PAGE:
This healthy growth will be fueled, in part, by incentive payments for electronic health records under the federal economic stimulus. In addition to increases in spending on clinical automation, other factors contributing to I.T. spending growth will be the new ICD-10-CM codes for claims as well as the new 5010 standards for electronic claims formats, according to a summary of the report.
More detail here:
The report can be purchased in its entirety or by chapter, with fees varying widely depending on whether the purchaser is a member of HIMSS or a customer of HIMSS Analytics. More information is available at himssanalytics.org.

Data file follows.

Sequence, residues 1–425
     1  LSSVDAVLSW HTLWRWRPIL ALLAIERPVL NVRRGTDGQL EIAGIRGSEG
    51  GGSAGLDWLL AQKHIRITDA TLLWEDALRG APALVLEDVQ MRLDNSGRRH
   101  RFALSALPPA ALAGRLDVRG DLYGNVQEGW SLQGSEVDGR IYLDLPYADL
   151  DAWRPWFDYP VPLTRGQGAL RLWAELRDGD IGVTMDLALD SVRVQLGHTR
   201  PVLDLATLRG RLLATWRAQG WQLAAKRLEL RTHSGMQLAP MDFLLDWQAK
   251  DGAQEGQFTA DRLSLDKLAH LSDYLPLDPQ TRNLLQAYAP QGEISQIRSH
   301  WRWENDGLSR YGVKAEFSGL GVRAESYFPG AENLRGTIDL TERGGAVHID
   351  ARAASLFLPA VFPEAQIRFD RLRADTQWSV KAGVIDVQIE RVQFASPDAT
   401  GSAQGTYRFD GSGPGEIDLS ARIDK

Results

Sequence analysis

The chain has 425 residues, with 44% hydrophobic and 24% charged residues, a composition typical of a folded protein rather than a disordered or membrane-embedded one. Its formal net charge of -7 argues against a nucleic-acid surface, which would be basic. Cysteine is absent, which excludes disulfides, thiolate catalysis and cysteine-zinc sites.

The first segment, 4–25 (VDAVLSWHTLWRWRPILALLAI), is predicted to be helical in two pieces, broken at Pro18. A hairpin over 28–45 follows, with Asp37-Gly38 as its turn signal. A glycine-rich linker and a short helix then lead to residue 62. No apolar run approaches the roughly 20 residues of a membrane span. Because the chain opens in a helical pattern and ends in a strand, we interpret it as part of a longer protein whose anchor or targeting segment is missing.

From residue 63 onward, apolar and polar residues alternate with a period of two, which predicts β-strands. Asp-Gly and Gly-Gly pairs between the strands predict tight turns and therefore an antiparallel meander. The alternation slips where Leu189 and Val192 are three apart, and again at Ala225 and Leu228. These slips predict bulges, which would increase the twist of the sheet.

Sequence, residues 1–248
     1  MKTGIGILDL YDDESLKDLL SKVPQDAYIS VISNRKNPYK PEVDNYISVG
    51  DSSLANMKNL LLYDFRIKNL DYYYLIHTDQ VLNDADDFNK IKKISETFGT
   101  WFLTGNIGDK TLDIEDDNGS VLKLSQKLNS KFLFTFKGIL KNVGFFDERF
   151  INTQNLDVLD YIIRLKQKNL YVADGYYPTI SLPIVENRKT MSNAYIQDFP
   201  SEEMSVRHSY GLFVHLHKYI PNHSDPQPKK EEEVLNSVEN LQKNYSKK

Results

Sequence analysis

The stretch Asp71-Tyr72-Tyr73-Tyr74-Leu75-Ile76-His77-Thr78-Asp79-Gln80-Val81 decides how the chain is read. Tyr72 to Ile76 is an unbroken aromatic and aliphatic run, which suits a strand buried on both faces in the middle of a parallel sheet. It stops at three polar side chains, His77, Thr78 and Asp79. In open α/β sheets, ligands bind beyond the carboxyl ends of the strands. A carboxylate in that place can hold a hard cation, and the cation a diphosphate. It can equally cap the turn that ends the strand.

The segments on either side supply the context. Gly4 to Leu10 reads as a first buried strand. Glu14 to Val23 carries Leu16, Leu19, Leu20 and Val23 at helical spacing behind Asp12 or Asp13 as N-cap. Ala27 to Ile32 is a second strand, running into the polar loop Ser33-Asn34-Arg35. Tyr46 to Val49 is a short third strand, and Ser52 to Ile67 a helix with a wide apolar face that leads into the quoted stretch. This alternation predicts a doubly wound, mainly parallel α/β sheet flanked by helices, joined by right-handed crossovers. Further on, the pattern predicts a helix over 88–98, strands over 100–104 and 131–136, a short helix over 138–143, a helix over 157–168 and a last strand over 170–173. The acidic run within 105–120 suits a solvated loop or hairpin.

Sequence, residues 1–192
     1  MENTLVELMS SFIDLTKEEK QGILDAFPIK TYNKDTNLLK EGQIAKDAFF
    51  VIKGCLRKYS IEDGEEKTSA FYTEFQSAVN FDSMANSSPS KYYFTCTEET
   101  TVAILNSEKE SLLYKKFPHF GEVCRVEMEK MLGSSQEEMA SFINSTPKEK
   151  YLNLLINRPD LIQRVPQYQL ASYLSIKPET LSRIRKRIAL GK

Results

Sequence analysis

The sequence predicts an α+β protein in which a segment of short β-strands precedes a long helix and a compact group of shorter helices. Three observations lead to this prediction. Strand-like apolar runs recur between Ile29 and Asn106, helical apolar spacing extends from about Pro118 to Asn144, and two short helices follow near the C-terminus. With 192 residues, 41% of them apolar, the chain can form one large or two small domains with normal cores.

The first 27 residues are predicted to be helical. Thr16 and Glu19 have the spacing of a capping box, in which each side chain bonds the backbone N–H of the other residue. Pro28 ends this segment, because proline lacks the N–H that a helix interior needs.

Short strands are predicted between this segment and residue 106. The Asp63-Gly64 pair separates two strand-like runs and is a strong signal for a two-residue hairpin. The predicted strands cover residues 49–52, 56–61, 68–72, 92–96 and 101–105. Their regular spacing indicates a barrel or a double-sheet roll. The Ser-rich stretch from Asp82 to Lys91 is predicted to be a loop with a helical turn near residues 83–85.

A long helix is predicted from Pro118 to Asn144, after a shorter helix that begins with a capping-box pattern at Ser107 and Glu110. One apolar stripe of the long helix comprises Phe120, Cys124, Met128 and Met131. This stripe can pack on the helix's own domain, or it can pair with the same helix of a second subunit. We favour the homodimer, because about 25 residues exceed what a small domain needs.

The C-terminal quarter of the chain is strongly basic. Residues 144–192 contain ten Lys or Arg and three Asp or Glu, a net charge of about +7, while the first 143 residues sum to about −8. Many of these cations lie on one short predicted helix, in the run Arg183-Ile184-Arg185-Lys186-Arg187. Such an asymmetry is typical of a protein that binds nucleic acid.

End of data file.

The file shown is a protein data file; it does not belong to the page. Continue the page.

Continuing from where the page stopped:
A slightly different view is provided here:
June 04, 2009 | Bernie Monegain, Editor
NEW YORK – The market for electronic medical record data transfer equipment and applications, valued at $575 million in 2008, is forecast to reach $1.6 billion in 2013, according to a study by research firm Kalorama Information.
Driven by the growing use of EMRs in hospitals and physician offices, this segment of the patient monitoring market will grow 23.3 percent annually through 2013, notes the report, "High-Tech Patient Monitoring Systems Markets (Remote and Wireless Systems, Data Processing, EMR Data Transfer)."